Tuesday, January 10, 2012

I will stand up for your liberties

I will stand up for your liberties

(My Clovis News Journal column for December 9, 2011. Yes, it begins with the same H. L. Mencken quote that begins my current Liberty Lines column, but the columns are completely different, even if inspired by the same incident.)

"The trouble with fighting for human freedom is that one spends most of one’s time defending scoundrels. For it is against scoundrels that oppressive laws are first aimed, and oppression must be stopped at the beginning if it is to be stopped at all." – H.L. Mencken

Rarely have I read a quote that contained more truth. It is the story of my life. In so many cases my energy is spent defending the rights of people I probably wouldn't like, who are doing things I don't necessarily approve of, simply because I am able to see how their rights are mine. And yours.

This often puts me in the position of defending scoundrels who are having their liberty violated by people with "good intentions", which puts me at odds with those who only see the good intentions and the scoundrels, but not the unintended consequences, or how those consequences could eventually harm us all.

Freedom means doing what you want to do, regardless of whether it is within your rights or not. Liberty is the freedom to do what you have a right to do. While it is sometimes proper to constrain freedom, it is never right to limit anyone's liberty.

As long as those scoundrels are within their rights- they are not attacking, stealing, or trespassing- it doesn't matter if I like them or approve of what they are doing. They still have a right to be doing it and no one has a right, or the authority, to interfere. No matter how noble the interference might seem or how much I might agree with the general objection to what is being done.

If you are willing to violate the scoundrel's rights then you shouldn't be surprised when you discover that you are someone else's scoundrel, facing the torch-bearing villagers who are anxious to storm your castle for the "common good". And, as long as you are not violating anyone else's rights, I'll be right there beside you, whether I like you or approve of your actions or not.

You only have the liberty you respect in others. I am willing to fight against the violation of the liberties of others because it is the right thing to do, and my expectation is that no one will call for my liberty to be violated in any way. I'll hold up my end even if others don't reciprocate.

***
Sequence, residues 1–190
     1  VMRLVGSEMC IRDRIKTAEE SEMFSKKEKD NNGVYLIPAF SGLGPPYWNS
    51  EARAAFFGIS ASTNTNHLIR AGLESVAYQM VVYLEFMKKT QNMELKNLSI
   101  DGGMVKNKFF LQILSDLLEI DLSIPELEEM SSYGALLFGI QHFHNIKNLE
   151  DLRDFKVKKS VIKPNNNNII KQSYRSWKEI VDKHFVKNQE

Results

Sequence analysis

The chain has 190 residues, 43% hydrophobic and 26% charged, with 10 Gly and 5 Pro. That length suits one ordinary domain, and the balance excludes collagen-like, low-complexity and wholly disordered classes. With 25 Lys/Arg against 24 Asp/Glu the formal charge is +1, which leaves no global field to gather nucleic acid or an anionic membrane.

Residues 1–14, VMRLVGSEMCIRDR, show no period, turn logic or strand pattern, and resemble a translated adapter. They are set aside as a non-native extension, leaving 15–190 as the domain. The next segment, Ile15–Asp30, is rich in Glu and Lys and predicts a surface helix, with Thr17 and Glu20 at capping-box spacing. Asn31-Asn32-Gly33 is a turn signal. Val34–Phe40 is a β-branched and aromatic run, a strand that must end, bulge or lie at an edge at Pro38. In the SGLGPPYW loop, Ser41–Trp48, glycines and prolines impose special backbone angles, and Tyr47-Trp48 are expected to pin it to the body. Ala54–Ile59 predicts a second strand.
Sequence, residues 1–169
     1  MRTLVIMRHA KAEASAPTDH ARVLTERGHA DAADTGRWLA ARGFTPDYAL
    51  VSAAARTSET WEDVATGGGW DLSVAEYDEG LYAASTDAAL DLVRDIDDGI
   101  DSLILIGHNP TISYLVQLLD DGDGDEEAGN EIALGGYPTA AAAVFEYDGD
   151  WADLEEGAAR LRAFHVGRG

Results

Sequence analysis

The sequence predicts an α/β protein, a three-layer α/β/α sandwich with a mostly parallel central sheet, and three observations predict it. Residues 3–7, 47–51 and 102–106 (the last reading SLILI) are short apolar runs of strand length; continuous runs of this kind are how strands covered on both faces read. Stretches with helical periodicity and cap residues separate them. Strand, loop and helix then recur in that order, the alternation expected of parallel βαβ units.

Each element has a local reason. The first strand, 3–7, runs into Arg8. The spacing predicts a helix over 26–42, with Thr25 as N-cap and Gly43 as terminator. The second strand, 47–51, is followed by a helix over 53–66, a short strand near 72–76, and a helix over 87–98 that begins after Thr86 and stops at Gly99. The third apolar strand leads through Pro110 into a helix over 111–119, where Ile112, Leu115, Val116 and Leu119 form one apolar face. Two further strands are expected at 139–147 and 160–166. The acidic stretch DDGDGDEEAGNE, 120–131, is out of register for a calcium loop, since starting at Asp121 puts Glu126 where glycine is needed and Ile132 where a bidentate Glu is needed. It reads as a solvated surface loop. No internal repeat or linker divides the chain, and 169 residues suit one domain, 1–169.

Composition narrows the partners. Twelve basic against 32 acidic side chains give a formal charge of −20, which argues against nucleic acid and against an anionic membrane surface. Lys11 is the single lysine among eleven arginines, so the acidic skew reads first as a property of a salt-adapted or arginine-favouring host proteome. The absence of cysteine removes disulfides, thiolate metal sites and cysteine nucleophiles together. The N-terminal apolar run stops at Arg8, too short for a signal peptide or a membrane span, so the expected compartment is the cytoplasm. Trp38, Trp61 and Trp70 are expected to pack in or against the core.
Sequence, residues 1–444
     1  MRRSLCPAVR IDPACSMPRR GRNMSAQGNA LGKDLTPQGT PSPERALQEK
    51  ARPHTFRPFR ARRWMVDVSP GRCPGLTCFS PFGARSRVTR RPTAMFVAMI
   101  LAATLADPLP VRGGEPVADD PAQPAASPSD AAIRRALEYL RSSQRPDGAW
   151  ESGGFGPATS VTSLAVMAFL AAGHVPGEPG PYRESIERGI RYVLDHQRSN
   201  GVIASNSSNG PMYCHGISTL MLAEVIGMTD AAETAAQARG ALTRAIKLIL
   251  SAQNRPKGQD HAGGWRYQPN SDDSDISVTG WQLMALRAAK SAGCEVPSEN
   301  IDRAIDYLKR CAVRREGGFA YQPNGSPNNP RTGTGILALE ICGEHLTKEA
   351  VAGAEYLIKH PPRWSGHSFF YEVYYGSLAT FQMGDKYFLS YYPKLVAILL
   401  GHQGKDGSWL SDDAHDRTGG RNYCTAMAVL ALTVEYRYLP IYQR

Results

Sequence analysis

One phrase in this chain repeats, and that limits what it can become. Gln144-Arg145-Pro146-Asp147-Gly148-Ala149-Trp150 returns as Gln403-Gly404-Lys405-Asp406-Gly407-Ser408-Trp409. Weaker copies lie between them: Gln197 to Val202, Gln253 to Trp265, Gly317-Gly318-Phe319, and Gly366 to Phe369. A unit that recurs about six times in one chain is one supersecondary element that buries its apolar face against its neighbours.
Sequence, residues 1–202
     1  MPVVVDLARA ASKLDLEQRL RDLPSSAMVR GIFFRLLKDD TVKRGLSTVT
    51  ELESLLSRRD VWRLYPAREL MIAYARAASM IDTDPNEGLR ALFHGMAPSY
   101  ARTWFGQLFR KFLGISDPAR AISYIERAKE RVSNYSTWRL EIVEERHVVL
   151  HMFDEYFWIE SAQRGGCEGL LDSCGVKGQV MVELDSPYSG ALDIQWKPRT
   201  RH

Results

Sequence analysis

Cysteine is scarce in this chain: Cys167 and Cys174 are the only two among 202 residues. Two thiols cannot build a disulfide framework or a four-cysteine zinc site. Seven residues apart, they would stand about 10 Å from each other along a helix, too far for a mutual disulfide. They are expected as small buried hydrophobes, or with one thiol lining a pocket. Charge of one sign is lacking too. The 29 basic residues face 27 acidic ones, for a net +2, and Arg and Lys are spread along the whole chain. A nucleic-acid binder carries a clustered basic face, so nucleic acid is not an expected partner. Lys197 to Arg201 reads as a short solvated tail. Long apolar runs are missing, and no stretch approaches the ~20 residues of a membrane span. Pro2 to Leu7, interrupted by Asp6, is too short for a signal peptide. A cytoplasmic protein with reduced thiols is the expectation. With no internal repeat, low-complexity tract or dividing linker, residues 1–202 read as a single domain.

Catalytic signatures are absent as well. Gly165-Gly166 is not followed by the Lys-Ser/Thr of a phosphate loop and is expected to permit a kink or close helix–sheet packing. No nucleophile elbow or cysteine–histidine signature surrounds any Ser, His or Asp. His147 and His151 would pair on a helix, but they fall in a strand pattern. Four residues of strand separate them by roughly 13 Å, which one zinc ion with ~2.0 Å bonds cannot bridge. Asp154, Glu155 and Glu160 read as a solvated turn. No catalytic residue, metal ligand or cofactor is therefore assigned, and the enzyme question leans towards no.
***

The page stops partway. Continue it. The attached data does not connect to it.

Libertarian buts

I see a lot of people who claim to be a "libertarian, but". And some who claim to just be "libertarian" while they ignore their big "but" and pretend it is a feature of all "real libertarians".

The biggest "but" is support for the military. Militia, yes. State-controlled military, no. Tax-financed, government military is not "libertarian", no matter how you try to spin it. It doesn't matter if the Constitution says it is OK, or if your family has always been a "military family" and you want to honor their lives.

The second biggest "but", which is related to the first, is belief in national borders. Usually they pretend this "but" is about property rights. If you think national borders are about property rights, just see how much the State that enforces the borders respects your property rights. Nope. It's about violating your property rights. It doesn't matter if the trespasser is an independent migrant from Mexico or an employee of some government agency. Trespassing is trespassing and the backstory doesn't matter. And, if you choose to allow a person on your property, that is your right as a property owner and no one has any say in the matter.

A third "but" is pretending that the US Constitution is a libertarian document. It has some good things in it and it has some horrible things in it. But none of that matters since the US government ignores it all anyway, unless they find a particular part useful to the agenda at the moment. Go ahead and use the Constitution to show that the government is not legitimate since it has unilaterally violated the agreement that bound it, but don't get hung up on this too much. There are better ways to organize a "society" voluntarily.

The last "but" I notice the most is ignoring coercion unless it is committed by The State. Coercion is wrong. The State is wrong because it relies on coercion. Coercion isn't wrong just because it is used by The State.

I'm sure there are lots more "buts" out there. All those who claim to be "libertarian, but without the crazy stuff" have at least one.

As for myself, I try to make sure I have no "but". If my first inclination, when presented with an idea that pushes the envelope of individual liberty, is to pull a "but" out of my... well, you know... then I try to look very hard at why I felt the need to have a "but". What aspect of legitimized (or justified) coercion am I trying to hold on to? And why?